Here are some basic examples of how to visualize the data.

Query types over time

DNS record types indicate the format of the data in a query and can therefore be useful for understanding intended usage. Using the query_type field, we can build a bar chart visualization that gives us a depiction of the different types over time.

query types

Coordinate map for query origins

Route 53 query logs can contain two IPs that are geo-enriched by Logz.io’s parsing — that of the DNS resolver and that of the EDNS client. The latter is only available if supplied by the DNS resolver according to the protocol in place.

The EDNS client provides a good indication of where queries are originating from, but the resolver IP can also give a general indication of the approximate geographical location. Both can be used for coordinate map visualizations.

Resolver IP

resolver IP

EDNS client

EDNS client

Query name breakdown

It’s always useful to see a breakdown of the actual queries been made over time. As seen below, I’m using an area chart visualization using the query_name field to monitor queries to my pretty basic demo site.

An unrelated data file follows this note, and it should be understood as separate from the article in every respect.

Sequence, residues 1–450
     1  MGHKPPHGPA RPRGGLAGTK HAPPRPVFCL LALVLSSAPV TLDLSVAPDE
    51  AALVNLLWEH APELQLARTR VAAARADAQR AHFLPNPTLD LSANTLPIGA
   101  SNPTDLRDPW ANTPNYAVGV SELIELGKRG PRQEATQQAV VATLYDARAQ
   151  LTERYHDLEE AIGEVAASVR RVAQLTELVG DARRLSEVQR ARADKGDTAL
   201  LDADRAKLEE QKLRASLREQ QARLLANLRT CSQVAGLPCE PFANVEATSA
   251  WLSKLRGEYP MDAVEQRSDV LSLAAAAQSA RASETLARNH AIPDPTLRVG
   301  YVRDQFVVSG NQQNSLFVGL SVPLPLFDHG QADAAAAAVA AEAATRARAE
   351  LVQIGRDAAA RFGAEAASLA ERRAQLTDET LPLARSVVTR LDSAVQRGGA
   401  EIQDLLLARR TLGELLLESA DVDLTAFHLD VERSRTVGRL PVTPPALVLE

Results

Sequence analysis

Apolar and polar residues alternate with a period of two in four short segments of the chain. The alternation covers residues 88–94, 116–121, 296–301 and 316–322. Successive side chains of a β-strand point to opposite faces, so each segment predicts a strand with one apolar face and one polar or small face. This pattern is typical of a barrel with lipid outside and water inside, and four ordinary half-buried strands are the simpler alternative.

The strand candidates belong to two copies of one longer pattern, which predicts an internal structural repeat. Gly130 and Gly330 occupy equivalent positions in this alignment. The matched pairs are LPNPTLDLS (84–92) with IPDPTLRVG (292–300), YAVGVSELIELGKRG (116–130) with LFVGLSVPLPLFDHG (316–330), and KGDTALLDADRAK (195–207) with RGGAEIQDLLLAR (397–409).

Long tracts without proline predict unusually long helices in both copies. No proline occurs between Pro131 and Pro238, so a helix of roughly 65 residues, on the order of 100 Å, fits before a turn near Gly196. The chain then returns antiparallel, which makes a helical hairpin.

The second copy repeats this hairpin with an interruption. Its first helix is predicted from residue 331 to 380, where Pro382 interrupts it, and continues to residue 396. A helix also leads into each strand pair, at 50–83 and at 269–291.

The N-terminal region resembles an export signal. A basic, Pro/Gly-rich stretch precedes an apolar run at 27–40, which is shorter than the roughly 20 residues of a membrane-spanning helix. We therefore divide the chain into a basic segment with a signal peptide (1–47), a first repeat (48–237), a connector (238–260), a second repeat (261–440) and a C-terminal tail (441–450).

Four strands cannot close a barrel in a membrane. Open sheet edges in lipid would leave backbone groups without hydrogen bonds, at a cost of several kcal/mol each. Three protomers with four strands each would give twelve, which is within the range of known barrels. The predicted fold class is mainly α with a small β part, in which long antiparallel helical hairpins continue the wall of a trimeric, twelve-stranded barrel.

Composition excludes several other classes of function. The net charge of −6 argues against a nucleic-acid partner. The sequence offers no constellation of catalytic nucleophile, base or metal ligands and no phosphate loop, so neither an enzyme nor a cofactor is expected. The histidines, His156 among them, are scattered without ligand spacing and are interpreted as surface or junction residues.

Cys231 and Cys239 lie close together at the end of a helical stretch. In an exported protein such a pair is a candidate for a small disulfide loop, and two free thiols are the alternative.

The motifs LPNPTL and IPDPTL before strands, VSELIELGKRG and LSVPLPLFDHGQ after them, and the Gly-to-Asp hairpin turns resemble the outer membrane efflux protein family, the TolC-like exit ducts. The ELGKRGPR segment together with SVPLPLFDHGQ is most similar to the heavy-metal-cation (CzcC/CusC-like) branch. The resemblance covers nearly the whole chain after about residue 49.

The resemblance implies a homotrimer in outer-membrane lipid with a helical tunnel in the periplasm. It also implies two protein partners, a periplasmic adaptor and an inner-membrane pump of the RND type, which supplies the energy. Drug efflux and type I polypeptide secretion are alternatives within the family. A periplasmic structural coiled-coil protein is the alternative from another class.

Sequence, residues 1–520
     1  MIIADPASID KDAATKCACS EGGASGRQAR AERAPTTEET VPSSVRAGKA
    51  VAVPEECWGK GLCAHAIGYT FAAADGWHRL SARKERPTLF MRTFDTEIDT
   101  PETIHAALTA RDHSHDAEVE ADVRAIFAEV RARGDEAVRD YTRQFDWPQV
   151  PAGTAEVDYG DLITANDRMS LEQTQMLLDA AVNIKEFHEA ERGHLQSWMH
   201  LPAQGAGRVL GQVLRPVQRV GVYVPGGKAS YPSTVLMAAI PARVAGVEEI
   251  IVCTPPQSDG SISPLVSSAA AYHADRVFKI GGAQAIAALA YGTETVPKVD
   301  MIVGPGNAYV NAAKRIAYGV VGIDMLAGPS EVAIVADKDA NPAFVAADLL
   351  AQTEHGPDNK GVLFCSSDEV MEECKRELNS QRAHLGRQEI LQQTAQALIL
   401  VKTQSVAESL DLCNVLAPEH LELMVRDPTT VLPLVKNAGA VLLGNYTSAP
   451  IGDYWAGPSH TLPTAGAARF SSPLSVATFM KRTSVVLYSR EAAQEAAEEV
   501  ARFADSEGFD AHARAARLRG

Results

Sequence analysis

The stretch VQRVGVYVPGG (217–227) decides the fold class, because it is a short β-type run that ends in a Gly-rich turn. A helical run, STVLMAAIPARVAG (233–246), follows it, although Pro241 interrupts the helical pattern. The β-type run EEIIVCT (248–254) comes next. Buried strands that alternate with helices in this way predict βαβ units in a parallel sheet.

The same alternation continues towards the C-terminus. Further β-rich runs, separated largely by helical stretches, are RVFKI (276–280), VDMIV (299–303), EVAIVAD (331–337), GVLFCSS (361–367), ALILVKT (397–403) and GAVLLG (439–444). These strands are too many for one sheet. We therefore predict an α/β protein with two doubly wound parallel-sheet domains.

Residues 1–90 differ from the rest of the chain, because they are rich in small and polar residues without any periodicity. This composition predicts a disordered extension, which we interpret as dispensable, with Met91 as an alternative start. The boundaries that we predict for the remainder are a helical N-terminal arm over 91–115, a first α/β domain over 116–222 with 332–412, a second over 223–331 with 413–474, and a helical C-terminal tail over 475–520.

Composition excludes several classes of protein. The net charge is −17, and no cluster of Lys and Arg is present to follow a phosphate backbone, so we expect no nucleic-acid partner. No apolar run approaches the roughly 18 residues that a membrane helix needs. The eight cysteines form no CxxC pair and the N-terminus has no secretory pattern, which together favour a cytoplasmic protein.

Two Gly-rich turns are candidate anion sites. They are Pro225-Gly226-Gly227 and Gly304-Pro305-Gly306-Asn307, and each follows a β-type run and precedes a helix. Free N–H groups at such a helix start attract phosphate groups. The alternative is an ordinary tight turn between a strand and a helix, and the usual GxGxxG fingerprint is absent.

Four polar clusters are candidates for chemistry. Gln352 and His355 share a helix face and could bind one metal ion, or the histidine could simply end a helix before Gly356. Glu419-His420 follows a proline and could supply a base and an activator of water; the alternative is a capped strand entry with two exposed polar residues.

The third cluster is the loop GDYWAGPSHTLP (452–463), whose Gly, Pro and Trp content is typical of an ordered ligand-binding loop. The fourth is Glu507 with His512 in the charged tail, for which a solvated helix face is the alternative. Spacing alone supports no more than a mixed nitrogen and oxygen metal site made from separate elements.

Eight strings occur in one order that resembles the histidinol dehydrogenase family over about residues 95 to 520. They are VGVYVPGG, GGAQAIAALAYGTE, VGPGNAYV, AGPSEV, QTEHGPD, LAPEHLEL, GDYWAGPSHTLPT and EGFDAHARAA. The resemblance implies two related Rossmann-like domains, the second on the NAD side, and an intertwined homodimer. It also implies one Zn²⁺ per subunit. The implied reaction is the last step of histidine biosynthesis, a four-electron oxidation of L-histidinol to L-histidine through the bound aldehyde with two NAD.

query name breakdown

Once you’ve got your visualizations lined up and ready, add them up into a dashboard. The result — a nice general overview of queries handled by Route 53.

dashboard 2

This dashboard is available in ELK Apps — Logz.io’s library of pre-made dashboards and visualizations for different log types. Simply open ELK Apps, search for Route 53, and install  the dashboard.

Endnotes

Monitoring traffic between client devices and DNS resolvers can reveal a wealth of information useful for forensic analysis and security. Abnormal amounts of queries going through specific resolvers or originating from specific clients could mean malicious behavior — bots, malware or even DDoS attacks.

Not being able to analyze and visualize this data greatly inhibits your ability to make use of these logs, and that is precisely where the ELK Stack comes into the picture, providing the tools to efficiently dissect the logs.

To seal the deal and be more proactive, you also need to implement alerting. Alerting does not exist in the ELK Stack out-of-the-box. To be able to create alerting rules and get notified when something out of the ordinary is taking place, you will need to either install X-Pack or use an open source plugin. Logz.io provides a built-in and powerful alerting engine that will help you get notified, in real-time, when specific conditions that you define are met. Read more about Logz.io alerts here.

See alerts and other great Logz.io features in action!